A San Francisco-based comprehensive teaching platform announced Monday that 19 Missouri school districts have been selected to receive help in getting computer science programs up and running over the next two school years — more school districts and for a longer time than initially expected.
Fulton Public Schools and the Gasconade County R-1 School District are among the districts CodeHS has partnered with to participate in "Code Missouri" for the 2018-19 and 2019-20 school years.
CodeHS announced the Code Missouri initiative last year at a computer science summit in St. Louis.
"This is the first region-specific initiative that we launched," CodeHS CEO and co-founder Jeremy Keeshin said Tuesday.
"CodeHS is committed to helping close the computer science opportunity gap between urban and rural districts in Missouri," according to a news release. "Coding is a new foundational skill and all students deserve the opportunity to take computer science courses at their local schools."
School districts that were selected to be part of Code Missouri will receive free access to grades six through 12 web-based computer science curriculum, professional development training for teachers, CodeHS Pro accounts and ongoing support.
"The big goal of the program is to ensure that the programs are sustainable and successful," Keeshin said. He said his organization ultimately thought one year would be enough time to jumpstart a program and keep it going, so the partnerships were expanded from one school year — as previously announced last fall — to two years.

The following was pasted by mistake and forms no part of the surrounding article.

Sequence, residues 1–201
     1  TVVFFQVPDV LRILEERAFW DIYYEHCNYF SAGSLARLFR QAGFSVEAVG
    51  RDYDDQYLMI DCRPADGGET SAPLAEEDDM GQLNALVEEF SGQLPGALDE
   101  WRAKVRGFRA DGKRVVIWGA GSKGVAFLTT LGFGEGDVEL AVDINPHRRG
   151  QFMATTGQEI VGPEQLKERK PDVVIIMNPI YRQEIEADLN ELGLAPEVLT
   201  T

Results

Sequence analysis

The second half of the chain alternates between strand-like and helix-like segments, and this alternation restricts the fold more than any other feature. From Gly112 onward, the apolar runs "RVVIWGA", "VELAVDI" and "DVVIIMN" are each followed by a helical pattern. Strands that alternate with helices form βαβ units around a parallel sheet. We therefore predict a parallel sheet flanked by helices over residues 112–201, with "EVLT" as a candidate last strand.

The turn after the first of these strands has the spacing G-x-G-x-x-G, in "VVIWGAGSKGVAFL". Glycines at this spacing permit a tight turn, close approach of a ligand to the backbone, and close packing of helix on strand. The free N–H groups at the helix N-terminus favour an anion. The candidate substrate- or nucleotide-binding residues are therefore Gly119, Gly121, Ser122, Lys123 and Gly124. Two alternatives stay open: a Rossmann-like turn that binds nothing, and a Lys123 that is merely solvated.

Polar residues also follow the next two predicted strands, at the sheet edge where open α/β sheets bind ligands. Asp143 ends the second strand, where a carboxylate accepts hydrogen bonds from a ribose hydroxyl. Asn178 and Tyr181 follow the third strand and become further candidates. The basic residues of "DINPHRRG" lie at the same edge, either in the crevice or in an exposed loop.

In terms of including more school districts than the initial proposal of 15, he said, "I think part of it was we had a lot more districts (apply) than we thought."
More than 40 school districts applied to be part of the program.
"At the moment, that hasn't been shared yet as a major hurdle," Keeshin said of any challenges with a possible lack of high-speed internet in rural areas.
"If we're finding that that's a huge issue, then we'll have to make an adaptation," he added, explaining there is a light version of their software that takes up less bandwidth.
He said, though, there were questions in school district's applications to the program that asked about their internet infrastructure capacity.
"It'll be likely that most (districts) will be doing an introductory course" before more advanced Advanced Placement computer science courses, he said of initial offerings. "What we're trying to do is keep things similar across the districts so that they can easily collaborate with each other, so there's a community of districts."
He added CodeHS's hope is to eventually include more Missouri school districts in the program, but a high-quality experience for the first 19 districts is the priority now.
"We're going to work really collaboratively with the schools," he said.
He also said CodeHS is looking into starting similar regional initiatives in Oregon and the Stockton, California, area.
The Boonville R-1 and Fayette R-3 school districts are also among the 19 Missouri districts selected — Code Missouri hosted a pilot program at Fayette High School.
According to the news release, 500,000 students in 7,000 classrooms use CodeHS every month.